ScreenPal Chrome Extension allows cropping of recordings and inserting screen recordings into comment and text boxes as an Edtech tool.In those boxes, you’ll see a tiny ScreenPal button—Grammarly users will be reminded of the Grammarly button. Anyhow, you click the button, select screen, webcam, or both, and then press record. You then preview the video to trim or crop it, and finally, insert that recording into the text box or comment box you were in.

I can’t believe that you can actually crop the video in this simple little tool!

Want to give a student feedback? Click the extension and pop it right into the comment box in Google Docs, Google Classroom, Microsoft Teams, or whatever LMS you use. Now, it won’t work IN your Google Doc or Google Slides, for example, but it’ll work in the comments within those platforms. It also works in tweets within your email window so that you can explain with video (when you don’t feel like typing). You can access all of your recordings, too, which means you can reuse them later if needed! 

The only issue I see (so far) is that if you have both Mote and ScreenPal running, the buttons are on top of each other in some platforms—I’m going to send them that feedback.

Otherwise, this looks like a great tool.

And, elephant in the room, this tool is really similar to Mote – the major difference, of course, is audio vs. video. But, as I always say, there’s not one right tool for every person, or every situation. This one is definitely worth checking out.

BTW, if you have Screencast-o-matic Premium you’ll also be able to edit those ScreenPal videos later within the Screencast-o-matic site. I should note – since the videos are stored on their server, you’ll want to look into how that fits with your privacy and data regulations in your school.

[Image Source:]

Continue reading Record your screen anywhere, with Chrome Extension ScreenPal

#EduDuctTape Episode 32!

In the 9th episode of Season 2, I talk with Sethi De Clercq of about effectively sharing new technology information with teachers, using video in the classroom and tools for students to create video with.  We talk about EdPuzzle, screencasting tools (Nimbus & Loom), Flipgrid, Explain Everything, Backchannel Chats and more!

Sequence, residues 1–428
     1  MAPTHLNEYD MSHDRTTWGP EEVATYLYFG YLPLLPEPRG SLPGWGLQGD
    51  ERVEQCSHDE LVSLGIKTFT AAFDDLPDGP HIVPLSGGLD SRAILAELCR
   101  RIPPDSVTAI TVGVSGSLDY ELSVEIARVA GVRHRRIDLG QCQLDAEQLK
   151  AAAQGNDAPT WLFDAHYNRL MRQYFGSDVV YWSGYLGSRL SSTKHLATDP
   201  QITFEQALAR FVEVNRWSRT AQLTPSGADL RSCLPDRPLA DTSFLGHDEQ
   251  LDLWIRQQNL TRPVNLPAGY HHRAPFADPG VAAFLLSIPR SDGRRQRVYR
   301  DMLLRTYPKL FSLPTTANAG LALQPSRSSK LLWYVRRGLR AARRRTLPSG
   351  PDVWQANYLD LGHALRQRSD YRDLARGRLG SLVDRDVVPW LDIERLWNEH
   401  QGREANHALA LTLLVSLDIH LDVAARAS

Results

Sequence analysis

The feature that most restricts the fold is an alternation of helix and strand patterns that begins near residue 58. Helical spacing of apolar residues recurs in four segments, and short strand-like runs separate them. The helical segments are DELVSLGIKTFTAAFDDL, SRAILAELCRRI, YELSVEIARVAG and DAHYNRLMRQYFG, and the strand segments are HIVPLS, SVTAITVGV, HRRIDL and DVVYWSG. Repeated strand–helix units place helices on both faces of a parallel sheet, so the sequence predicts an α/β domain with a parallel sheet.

Sethi De Clercq Episode Promo


#EduDuctTape Episode 31!

In the 8th episode of Season 2, I talk with Jornea Armant of Flipgrid about video creation tools and connecting students with the entire learning community. We discuss Flipgrid, WeVideo, Seesaw, Adobe Spark, screencasting tools and more. Also, in my Soapbox Moment, what we do when a tech tool goes away.

Jornea Armant Episode Promo


15+ Tools for Student Voice

In episode 28 of the Educational Duct Tape PodcastMike Mohammad joined me for a chit-chat.  One of the topics that we discussed was student voice.  I posed the question, “How can educators provide opportunities for student voice?

Mike promptly made the distinction between student voice and student choice.  While both are powerful things to leverage in the classroom, they are very different (though we often lump them together, as Mike pointed out).

I think that educators’ definitions for the term student voice are inconsistent – some seem to believe that it simply means
– hearing each student’s answer or thinking
– while others believe that it means empowering the students to have a voice in some (or all!) aspects of their education.

Mike made it clear in his response that he subscribes to the 2nd “definition” of student voice.  His response fits with the description that Edutopia usesstudent voice involves letting “students’ input and expertise … help shape their classroom, their school, and ultimately their own learning and growth.”

I definitely believe that that is the type of student voice that we want to strive for.  In a recent #EduDuctTape chat, educators shared their favorite tool for empowering student voice.  It’s important to note that simply using the tool doesn’t provide opportunity for or empowerment of student voice.  It’s all about how you use it.

Here are some of their responses:

Continue reading 15+ Tools for Student Voice